As regards to consumer business in Europe, we see continued trends in revenues and provisions in a more favorable environment for this business, enabling us to grow organically and inorganically. A key element for the future is the agreement and other negotiation or more under implementation with Banque PSA, which is Group PSA Peugeot Citroën, to finance the acquisition of vehicles on 11 European countries, which is expected to be completed on the second half of 2015. Its materialization via local alliances will boost Santander Consumer Finance's presence in markets where we already have critical mass, like Germany, Spain and the U.K., as well as the entry into other markets like France and Switzerland.
In the U.S., we will continue to grow on two fronts. First, we need to complete the franchise at Santander Bank, investing in commercial systems, service quality, adapting to regulations. As you know, we had the -- the Federal Reserve pointed out some deficiencies, organizational deficiencies in our capital plan which are in the process to be solved.
And we are already, and we need to recover more growth levels with a more balanced business mix. In the case of Santander Consumer U.S.A., the objective is to transfer to profits the greater lending and revenues made possible by the agreement with Chrysler once the pace of provisions returns to normal. As I mentioned before, we will see this already in the second half of this year.
Mexico will continue to grow faster than the market in its target segments backed by the expansion of its branch network. The likely acceleration of the economy in the second half of this year and the efficiency plans underway will spur revenues and profits. Chile, business remains good, which is enabling the bank to gain market share and recover leadership positions. Higher volumes and high inflation will help maintain strong revenues that will feed through the whole income statement. Lastly, Poland points to growth in revenues and results based on greater business, higher productivity and lower costs from the merger. In other words, we see a very favorable outlook in the coming quarters. Thank you very much.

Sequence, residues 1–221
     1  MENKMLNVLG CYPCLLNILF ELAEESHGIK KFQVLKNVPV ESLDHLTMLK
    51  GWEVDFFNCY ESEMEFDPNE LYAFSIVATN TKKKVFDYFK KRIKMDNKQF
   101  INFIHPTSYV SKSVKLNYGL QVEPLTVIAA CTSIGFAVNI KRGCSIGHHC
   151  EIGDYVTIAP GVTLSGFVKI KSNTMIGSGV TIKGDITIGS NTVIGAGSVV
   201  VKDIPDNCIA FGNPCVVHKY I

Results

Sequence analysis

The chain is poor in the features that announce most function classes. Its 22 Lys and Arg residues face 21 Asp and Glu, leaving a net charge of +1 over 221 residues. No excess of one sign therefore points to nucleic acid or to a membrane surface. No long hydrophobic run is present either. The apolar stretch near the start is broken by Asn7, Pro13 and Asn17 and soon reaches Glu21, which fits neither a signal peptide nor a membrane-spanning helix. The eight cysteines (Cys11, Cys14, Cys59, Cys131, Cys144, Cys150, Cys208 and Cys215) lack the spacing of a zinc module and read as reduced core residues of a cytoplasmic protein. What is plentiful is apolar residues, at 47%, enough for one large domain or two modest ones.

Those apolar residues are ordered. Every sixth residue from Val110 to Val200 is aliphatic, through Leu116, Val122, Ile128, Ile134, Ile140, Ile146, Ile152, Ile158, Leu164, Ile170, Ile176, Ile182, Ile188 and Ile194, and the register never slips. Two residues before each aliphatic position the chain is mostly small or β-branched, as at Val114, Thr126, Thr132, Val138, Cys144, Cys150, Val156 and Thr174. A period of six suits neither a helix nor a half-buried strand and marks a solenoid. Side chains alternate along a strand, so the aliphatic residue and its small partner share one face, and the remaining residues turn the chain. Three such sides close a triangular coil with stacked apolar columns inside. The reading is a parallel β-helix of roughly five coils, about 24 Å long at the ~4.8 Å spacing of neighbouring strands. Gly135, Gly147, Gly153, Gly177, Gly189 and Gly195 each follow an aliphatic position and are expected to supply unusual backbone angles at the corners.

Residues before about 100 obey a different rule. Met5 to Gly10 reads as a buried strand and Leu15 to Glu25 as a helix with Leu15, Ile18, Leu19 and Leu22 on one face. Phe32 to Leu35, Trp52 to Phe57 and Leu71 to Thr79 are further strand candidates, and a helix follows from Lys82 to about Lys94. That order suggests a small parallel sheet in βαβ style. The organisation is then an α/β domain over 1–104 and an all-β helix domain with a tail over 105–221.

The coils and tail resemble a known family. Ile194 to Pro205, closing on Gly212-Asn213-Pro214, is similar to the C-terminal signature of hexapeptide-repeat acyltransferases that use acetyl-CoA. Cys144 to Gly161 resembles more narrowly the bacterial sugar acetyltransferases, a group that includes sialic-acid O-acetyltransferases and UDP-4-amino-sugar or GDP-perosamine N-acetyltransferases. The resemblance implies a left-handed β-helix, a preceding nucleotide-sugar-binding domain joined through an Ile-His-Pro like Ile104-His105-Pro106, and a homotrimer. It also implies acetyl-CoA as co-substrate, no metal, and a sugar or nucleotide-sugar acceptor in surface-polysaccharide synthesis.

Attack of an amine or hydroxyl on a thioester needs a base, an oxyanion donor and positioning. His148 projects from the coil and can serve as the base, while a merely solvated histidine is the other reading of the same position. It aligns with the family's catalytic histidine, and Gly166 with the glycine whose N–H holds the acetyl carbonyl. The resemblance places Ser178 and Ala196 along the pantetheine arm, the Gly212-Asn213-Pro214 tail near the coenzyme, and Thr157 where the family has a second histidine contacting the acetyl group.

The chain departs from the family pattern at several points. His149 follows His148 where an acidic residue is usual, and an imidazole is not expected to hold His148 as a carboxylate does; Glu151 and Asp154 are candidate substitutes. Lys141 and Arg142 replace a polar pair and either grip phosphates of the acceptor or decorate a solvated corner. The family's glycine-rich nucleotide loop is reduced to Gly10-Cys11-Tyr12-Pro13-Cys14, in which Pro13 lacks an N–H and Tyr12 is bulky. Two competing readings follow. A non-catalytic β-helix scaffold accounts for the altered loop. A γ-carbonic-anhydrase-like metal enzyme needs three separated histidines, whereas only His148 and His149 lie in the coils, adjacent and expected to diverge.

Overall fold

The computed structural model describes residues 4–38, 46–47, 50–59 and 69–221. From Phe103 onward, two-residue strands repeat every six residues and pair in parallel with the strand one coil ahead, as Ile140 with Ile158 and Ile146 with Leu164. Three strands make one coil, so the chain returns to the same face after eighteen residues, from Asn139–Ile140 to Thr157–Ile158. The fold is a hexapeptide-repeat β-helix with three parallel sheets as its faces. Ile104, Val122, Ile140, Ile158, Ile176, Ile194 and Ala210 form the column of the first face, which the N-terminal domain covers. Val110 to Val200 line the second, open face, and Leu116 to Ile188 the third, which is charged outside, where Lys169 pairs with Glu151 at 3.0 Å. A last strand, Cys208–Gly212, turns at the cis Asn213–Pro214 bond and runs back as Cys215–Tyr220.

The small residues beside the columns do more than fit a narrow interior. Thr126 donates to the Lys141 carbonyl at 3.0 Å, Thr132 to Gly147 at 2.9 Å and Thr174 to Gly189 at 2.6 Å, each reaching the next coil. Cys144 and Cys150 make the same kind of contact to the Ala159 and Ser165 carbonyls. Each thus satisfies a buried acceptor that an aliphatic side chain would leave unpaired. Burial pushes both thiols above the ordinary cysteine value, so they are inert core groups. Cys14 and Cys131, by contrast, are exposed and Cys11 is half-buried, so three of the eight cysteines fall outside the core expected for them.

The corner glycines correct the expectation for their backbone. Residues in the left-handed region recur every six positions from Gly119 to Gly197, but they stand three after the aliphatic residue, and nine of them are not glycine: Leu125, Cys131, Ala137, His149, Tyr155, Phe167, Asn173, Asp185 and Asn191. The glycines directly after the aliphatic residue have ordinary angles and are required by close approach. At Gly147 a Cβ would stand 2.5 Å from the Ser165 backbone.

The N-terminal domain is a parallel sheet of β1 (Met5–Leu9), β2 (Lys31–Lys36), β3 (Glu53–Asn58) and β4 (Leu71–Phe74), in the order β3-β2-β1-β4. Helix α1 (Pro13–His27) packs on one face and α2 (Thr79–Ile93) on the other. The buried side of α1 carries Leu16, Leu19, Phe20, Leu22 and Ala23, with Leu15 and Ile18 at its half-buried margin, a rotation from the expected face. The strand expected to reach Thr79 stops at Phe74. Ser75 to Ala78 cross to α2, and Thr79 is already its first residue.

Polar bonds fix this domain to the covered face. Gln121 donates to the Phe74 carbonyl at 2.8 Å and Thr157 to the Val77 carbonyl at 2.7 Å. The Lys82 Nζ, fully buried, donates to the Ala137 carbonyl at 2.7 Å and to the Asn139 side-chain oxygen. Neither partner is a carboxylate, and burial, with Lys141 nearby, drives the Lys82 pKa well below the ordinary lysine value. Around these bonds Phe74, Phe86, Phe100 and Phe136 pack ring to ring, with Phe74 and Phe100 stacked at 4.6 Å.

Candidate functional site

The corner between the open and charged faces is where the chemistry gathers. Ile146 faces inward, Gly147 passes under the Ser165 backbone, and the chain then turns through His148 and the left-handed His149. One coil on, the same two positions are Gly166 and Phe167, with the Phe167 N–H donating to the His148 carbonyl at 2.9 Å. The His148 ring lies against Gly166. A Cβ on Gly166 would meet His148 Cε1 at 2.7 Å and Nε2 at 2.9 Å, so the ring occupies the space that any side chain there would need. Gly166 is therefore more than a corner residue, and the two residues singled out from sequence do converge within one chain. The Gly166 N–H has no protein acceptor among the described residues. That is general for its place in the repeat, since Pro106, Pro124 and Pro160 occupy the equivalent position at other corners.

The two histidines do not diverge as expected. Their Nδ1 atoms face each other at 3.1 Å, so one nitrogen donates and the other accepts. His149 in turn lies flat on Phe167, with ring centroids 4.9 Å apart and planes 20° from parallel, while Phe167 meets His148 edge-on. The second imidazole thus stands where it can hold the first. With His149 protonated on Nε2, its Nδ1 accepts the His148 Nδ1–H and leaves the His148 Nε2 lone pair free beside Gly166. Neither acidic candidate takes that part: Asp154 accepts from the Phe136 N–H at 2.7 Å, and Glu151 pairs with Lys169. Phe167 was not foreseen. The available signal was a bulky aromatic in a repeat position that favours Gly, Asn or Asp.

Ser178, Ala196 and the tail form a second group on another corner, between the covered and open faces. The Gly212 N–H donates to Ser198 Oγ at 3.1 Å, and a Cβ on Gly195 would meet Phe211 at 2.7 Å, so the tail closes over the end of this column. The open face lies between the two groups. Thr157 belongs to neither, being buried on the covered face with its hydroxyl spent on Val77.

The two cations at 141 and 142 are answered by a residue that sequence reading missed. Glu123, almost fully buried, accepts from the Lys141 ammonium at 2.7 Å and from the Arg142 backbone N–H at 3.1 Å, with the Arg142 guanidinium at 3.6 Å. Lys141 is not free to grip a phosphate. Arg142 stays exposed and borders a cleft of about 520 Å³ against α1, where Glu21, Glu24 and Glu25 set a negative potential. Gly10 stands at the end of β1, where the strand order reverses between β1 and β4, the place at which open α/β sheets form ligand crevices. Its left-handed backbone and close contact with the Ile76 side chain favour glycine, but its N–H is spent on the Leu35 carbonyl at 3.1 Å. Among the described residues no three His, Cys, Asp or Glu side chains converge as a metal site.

Let us start with the Q&A. So, Angel, if you want to conduct the session?
Thank you, Javier. Good morning. As always, we will start with the Q&A. All the questions we have received through the web and if there are any at the end, we will cover those on the telephone line. And as always, we organize and we will organize the questions by themes starting with strategy, regulation and perspectives.
So in the first group, first question would be with regards to regulation in Europe and AQR, Sergio Gamez from Merrill Lynch, Bank of America Merrill Lynch and Britta Schmidt from Autonomous. They both asked about the AQR and the stress test results. What do we expect from there and the impact in P&L, as well as the new resolution mechanism, if we expect a quantitative impact in P&L?
Javier Marin Romano
Okay. Now with respect to AQR and the stress test, we will see this morning, this morning there's a press conference where we should know about the process and the economic scenario to be dealt with during this stress test. We've grown already through some parts of the asset quality review. We don't expect any impact on the P&L. And we think that with respect to the stress test, where we believe that we will see a very tough economic scenario, we will go through very, very well. So we don't expect any impact either on the P&L and we look forward to get out of this stress test reinforced.
With respect to the cost of the resolution mechanism, we don't see any increased costs with respect to what we are doing before, as basically we will have now two funds and the allocation that we are doing today only to one, will be a split between the two of them. So one in the Spanish level, and the other one at the European level. So no impact.
With regards to dividends, Daragh Quinn from Nomura. He asks about the guidelines given by Bank of Spain compared to our current dividend policy of €0.06 per share. If we are considering that scrip to be maintained compared to the limit of payout and what is our dividend strategy in general terms?
Javier Marin Romano
Okay. Well, you know the dividend policy of the bank is approved in the General Shareholders' Meeting, so the dividend policy for this year has already been approved, €0.60 on four scrips. For next year, it will go to next year General Shareholders' Meeting. So this is the -- and I don't see any limitations to our dividend policy because of the recommendation of Bank of Spain.
Okay. Moving to the Santander Brasil operation we announced this morning. There are several questions. I will try to probably summarize them in three or four. Juan Calvo from Espirito Santo, Antonio Ramirez from Keefe, Raoul Leonard from Deutsche Bank, David Vaamonde from MainFirst, Mario Lodos from Sabadell Bolsa, Frédéric Teschner from Natixis and Sergio Gamez from Bank of America Merrill Lynch. They basically ask four questions.